Pubdate: Thu, 10 Jan 2008
Source: Martlet (CN BC Edu)
Copyright: 2008 Martlet Publishing Society
Author: Rosemary Westwood
Bookmark: (Cannabis and 
Bookmark: (Cannabis - Canada)


Police Are Catching More Stoned People Getting Behind The Wheel

As the Counterattack Road Check season winds down, Saanich police 
were surprised by one memorable night that saw the number of drivers 
caught driving while high on marijuana exceed those caught for 
drinking and driving.

On the evening of Dec. 18, five high drivers were handed 24-hour 
driving suspensions. One driver rolled into the road check with a 
joint in hand.

"Amongst pot users there is that belief that of all the drugs, 
smoking marijuana is the least of all evils. The truth of the matter 
is any drug impairs people's judgment and decision-making ability, 
which driving requires," said Saanich police Sgt. John Price. "I 
think we've seen an increase in the number of pot users getting 
24-hour suspensions and, occasionally, impaired driving convictions."

A 2003 Ontario survey also found that drug-impaired driving is on the 
rise, with 20 per cent of high school drivers who were surveyed 
admitting to getting behind the wheel within one hour of using 
marijuana at least once the previous year.

Scott Macdonald, assistant director at the Centre for Addictions 
Research B.C. and professor at UVic's School of Health Information 
Science, found a high proportion of people who drove after using 
marijuana said they tended to slow down and drive more carefully. He 
said marijuana, unlike alcohol or other drugs such as cocaine, tends 
to make users aware of their impairment and causes them to compensate.

"The question is whether they're able to do that or not," he said.

Several countries have undertaken studies to determine what effect 
marijuana has on the likelihood of a person getting into a car crash.

"The well-controlled [studies] have pretty much shown that marijuana 
is a risk factor for crashes," he said. "People are somewhere between 
two and five times more likely to be involved in a crash if they're 
high on marijuana."

But while the rules around being impaired by drugs or alcohol while 
driving are the same, Price and Macdonald agreed it's harder for 
police to detect a particular drug than it is to detect alcohol, 
which can be identified by smell and through a breathalyzer test.

"We don't have anything like the breathalyzer to determine if there's 
active THC in the system," said Macdonald. "You can do blood 
analyses, and that's rather invasive."

Currently, the law prevents police from demanding a person suspected 
of driving while high go to a police station for further 
investigation and testing. As a result, said Price, there are fewer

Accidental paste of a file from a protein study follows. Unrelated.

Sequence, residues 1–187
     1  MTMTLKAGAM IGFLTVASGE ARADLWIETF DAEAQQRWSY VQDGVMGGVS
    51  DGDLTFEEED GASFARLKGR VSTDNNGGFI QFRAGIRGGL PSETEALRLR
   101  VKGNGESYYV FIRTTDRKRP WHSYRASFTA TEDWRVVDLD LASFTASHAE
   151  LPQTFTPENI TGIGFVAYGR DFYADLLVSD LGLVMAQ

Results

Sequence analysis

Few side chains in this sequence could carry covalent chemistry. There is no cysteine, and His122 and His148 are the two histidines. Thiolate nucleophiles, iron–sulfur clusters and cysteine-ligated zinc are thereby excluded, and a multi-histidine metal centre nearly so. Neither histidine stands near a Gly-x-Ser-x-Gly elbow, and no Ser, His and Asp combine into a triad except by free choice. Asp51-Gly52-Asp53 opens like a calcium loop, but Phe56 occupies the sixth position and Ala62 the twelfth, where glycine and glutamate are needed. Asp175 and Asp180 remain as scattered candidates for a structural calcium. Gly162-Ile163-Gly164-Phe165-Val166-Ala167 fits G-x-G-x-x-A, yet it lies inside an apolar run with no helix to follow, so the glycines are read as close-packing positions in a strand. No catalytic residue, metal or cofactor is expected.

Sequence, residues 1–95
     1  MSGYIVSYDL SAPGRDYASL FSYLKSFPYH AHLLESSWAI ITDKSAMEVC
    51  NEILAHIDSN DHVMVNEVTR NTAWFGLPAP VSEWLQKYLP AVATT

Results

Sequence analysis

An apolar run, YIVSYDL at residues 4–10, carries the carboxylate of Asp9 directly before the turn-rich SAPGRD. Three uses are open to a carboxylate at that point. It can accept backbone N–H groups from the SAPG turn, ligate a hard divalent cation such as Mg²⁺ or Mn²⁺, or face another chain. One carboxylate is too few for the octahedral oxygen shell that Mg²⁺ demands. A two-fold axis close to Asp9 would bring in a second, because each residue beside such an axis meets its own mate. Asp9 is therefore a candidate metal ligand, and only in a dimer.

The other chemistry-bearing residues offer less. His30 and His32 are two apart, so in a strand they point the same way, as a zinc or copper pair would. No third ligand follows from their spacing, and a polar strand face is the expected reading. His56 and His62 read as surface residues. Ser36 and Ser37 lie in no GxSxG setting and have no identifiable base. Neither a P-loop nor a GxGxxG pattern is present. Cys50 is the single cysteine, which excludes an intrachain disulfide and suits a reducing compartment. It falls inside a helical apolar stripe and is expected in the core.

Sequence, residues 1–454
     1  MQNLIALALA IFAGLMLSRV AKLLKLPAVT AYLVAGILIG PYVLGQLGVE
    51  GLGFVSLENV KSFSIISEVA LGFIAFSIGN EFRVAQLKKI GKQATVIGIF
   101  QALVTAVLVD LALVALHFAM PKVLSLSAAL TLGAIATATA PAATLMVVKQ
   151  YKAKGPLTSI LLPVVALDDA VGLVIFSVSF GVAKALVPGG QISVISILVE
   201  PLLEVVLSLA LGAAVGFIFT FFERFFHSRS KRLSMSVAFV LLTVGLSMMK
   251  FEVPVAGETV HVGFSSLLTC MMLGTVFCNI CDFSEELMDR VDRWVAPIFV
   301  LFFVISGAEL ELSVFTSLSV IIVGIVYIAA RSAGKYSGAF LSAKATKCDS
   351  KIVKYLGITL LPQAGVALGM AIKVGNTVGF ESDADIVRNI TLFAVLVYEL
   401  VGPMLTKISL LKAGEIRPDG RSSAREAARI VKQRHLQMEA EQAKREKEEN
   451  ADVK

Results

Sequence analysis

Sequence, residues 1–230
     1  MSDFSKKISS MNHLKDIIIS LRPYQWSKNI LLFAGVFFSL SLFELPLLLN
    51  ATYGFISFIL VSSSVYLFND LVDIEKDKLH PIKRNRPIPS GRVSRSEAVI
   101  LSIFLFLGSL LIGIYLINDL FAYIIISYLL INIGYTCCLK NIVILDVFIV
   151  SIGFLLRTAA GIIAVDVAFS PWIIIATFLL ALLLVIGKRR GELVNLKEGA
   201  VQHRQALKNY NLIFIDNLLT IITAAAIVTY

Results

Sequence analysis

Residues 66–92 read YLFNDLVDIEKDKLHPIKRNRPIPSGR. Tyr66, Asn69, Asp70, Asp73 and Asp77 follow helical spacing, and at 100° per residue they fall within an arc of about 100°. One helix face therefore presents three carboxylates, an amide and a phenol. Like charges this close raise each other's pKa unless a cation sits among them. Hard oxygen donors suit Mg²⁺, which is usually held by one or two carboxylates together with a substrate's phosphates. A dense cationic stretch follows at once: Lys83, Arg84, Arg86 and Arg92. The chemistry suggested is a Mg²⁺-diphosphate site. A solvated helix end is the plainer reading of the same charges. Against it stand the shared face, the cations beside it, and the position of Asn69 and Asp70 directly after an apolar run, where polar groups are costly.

impaired driving convictions for drugs compared to alcohol.

But the federal government wants to change that. Introduced in 2004, 
Bill C-16 is waiting for a second reading in the House of Commons. It 
would amend the Criminal Code in an effort to increase police ability 
to convict drug-impaired drivers.

The bill would let police demand that suspected impaired drivers 
submit to Standardized Field Sobriety Tests, which include physical 
tests such as the one-leg stand. Bill C-16 would also allow police to 
demand that drivers submit to an evaluation by a drug recognition 
expert at a police station, as well as provide fluid samples. For 
suspicion of marijuana use, this would mean a blood test because the 
drug remains in the system months after use, making a urine test ineffective.

Bill C-16 would also increase penalties for convictions, with fines 
for a first offence rising from $600 to $1,000. The minimum mandatory 
sentence for a second offence would increase from 14 to 30 days, and 
from 90 to 120 days for a third offence.

Gayle Quin, vice-president of the Cannabis Buyer's Club of Canada, 
said she finds smoking marijuana makes her a more careful driver. But 
she warned that eating marijuana can make a person drowsy, and 
therefore dangerous behind the wheel of a car.

Macdonald said eating cannabis can be more dangerous because it's 
harder to gauge the dosag and the effects are delayed.

"It is a risk factor for crashes - I think the literature is becoming 
more convinced of that," he said. "But at the same time, it's not 
nearly in the same league as alcohol."

But police aren't considering marijuana's relative dangers.

"We're looking for everybody who might have made a poor decision when 
they go behind the wheel of the car," said Price, who added that 
there's a simple solution to staying safe and away from police 
scrutiny: abstinence from drugs and alcohol.

"Surely to God one in your group is willing to abstain one night so 
everyone can get home safely."
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MAP posted-by: Jay Bergstrom